BUFFALO, N.Y., July 7 (UPI) — Heated magnetic nanoparticles aimed at cell membranes can control ion channels, neurons and even an animal’s behavior, U.S. physicists found.
The research has applications beyond making worms reverse course — as University of Buffalo physicists found — potentially leading to innovative cancer treatments, improved diabetes therapies or even development of new therapies for some neurological disorders, the university said Tuesday in a news release.
“By developing a method that allows us to use magnetic fields to stimulate cells both in vitro and in vivo, this research will help us unravel the signaling networks that control animal behavior,” said Arnd Pralle, assistant professor of physics in the university’s College of Arts and Sciences and senior corresponding author of the paper published in the latest issue of Nature Nanotechnology.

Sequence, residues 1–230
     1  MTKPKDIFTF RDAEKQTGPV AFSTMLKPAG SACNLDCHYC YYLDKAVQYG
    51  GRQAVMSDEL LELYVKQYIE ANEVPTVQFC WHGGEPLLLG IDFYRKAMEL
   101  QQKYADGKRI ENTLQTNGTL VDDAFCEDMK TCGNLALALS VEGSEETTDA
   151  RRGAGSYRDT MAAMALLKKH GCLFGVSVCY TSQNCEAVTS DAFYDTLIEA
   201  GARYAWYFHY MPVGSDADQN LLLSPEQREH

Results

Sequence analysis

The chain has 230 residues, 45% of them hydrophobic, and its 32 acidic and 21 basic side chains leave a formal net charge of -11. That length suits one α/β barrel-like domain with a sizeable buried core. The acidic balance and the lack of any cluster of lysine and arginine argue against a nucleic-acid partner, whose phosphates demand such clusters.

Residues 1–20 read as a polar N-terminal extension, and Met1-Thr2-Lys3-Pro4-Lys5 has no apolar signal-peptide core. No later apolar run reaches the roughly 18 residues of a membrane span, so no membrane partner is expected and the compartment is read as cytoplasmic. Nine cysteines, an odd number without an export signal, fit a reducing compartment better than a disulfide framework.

Researchers said their method could open calcium ion channels, activate neurons in cell culture and manipulate movements of a tiny nematode, Pralle said.
The team targeted the nanoparticles near the “mouth” of the worms and observed they reversed course when the nanoparticles were heated to about 93 degrees F, which is the threshold in nature that provokes an avoidance response, he said.
“We could use this method to make them go back and forth,” Pralle said. “Now we need to find out which other behaviors can be controlled this way.”
The team developed a method of heating nanoparticles in a cell membrane by exposing them to a radio frequency magnetic field.
“We have developed a tool to heat nanoparticles and then measure their temperature,” Pralle said, adding that not much is known about heat conduction in tissue at the nanoscale.
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